Fraud, Scams & Online safety
October 3, 2023
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How to spot an investment scam

How to spot an investment scam

Before you hand over your life savings to a new investment opportunity, carry out some basic checks to see whether the offer and the person or company behind it is real or a scam.

Australians lose more money to investment scams than any other type of scam. In 2022, investment scam losses totalled $1.5 billion – 66% of total losses reported to ScamWatch. 

Learn how to protect your life savings, recognise an investment scam and stop get-rich-quick schemes in their tracks with our top tips.

What are investment scams?

Investment or financial scams are when someone promises you a quick and easy money-making opportunity. These scams can be related to business ventures, superannuation schemes, managed funds, cryptocurrency, shares or property. 

Investment scammers convince you the investment is real, that you’ll get high returns with little or no risk and without putting in much skill, time or effort.

It sounds like a dream! And it’s because it is. It’s all a ruse designed to steal your money from you. 

What scammers promise

Always be suspicious of anyone promising you a quick and easy money-making opportunity. Investment scammers will offer:

  • “Not-to-be-missed”, “high return”, “risk-free” or “guaranteed” opportunities.
  • Quick and easy investment returns, possibly with tax-free benefits
  • Opportunities to invest in shares, cryptocurrency, property or business ventures, all with high returns.
  • Inside information about public company floats or discounts for early bird investors.
  • No risk or low risk returns as you can sell anytime, get a refurnd if the investment doesn’t perform, or be able to swap investments.

These scammers will:

  • Have professional brochures and websites that look like the real deal. 
  • Call or email out of the blue.
  • Pressure you to make a decision quickly or you will miss out.

Check if the investment is real

Don’t let anyone pressure you into making decisions about your money. Protect yourself by taking the time to do some research to see if the investment opportunity is real or fake.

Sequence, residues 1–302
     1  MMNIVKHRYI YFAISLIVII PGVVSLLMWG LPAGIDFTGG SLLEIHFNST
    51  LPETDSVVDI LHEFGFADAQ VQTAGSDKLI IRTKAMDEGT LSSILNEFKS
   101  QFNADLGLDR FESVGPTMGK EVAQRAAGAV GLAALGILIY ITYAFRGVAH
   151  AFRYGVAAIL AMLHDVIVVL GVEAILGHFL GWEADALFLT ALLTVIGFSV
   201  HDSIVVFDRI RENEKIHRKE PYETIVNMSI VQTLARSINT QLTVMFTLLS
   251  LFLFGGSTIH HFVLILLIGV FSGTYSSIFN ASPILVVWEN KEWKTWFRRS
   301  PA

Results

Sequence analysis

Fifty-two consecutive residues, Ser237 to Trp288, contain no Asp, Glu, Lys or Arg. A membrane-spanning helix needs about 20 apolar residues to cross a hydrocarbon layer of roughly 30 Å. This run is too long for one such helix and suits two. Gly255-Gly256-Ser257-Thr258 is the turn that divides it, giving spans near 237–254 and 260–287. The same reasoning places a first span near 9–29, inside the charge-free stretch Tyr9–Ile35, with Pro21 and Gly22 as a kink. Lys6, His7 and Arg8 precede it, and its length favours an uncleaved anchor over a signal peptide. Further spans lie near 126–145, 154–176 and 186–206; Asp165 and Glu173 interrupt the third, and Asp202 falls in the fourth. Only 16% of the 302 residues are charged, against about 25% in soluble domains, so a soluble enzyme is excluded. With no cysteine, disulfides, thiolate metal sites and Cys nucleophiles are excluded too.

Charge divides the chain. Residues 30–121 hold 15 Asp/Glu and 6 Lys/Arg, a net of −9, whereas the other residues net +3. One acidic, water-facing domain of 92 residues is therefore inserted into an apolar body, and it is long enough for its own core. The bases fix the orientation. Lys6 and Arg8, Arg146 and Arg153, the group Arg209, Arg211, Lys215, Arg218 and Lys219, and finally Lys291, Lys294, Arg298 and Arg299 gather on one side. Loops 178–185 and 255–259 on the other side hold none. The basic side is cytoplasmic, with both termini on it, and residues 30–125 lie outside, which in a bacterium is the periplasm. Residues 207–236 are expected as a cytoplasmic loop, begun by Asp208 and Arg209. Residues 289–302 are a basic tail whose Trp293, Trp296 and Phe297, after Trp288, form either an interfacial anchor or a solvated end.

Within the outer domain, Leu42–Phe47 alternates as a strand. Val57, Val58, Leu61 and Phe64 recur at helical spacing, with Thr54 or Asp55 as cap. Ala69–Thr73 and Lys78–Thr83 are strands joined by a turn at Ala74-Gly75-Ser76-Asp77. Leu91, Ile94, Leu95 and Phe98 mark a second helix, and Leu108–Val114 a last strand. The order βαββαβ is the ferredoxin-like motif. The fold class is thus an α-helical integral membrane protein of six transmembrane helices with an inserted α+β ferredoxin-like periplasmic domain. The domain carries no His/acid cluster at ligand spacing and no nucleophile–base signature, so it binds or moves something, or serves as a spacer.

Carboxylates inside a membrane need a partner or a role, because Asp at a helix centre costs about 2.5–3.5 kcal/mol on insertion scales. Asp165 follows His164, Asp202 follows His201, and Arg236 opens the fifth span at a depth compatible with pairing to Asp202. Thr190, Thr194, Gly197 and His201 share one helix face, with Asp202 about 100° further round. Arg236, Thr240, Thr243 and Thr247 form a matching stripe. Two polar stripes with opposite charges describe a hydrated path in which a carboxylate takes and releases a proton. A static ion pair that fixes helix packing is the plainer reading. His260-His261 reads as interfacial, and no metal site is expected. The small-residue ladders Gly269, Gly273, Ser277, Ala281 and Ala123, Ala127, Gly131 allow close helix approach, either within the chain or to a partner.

• Search online for any information about the investment, individual or company. 
  • If you do want to double-check any details, be sure to source your own phone number, email or web address online. The ones they provide won’t be legitimate, so don’t click on any links within the email or use the contact details they offer you.
  • Check to see if they have an Australian Financial Services Licence. If they don’t, they shouldn’t be selling you anything! (Be wary of some scammers provided fake licence numbers.)
  • Search the ASIC’s Offer Notice Board to see if their investment prospectus or fundraising disclosure documents are registered with ASIC.
  • Make sure they are not named on Moneysmart’s list of unlicensed companies or on the International Organization of Securities Commissions investor alerts.
  • Look up the company’s website registration details. A new website for an existing company is a red flag.
  • Get independent financial advice. If you have a financial adviser that you trust, seek their advice, contact your bank and ask to speak with one of their advisers or find a financial adviser who’s registered with ASIC.
  • Often scammers will pretend to be financial advisors with well-known financial planning companies. Follow up to see if the person actually works with that company. Use contact details you have sourced yourself on their official website or secure app. Look closely at their email address – it will be slightly different from the one the real company uses. 

What to do if they threaten you

Sometimes these scammers will use threats to try and frighten you into handing over your money. After all, they’re desperate to scam you. They may:

  • Threaten to arrest you or charge you with a huge fine if you don’t pay them.
  • Pressure you to pay immediately or within a 24-hour window.
  • If you’ve newly arrived in the country as a migrant, they may threaten you with deportation. 
  • Pose as a government authority or trusted company. Stop, think, and double-check! A government agency will never ask for payments in unusual ways (like Bitcoin or gift cards). 

Receiving threats or pressure over an investment opportunity is an immediate red flag that it’s a scam. Don’t be rushed or pressured into a making a bad financial decision. 

Hang up or close the email and stop all communication immediately. Block their number and/or email and report them to ScamWatch.

Get Police Assistance

For all emergencies and immediate Police assistance
Call: 000
To report non-urgent crimes or events 24 hours a day
Call: 131 444
To report information about a crime contact Crime Stoppers on
1800 333 000

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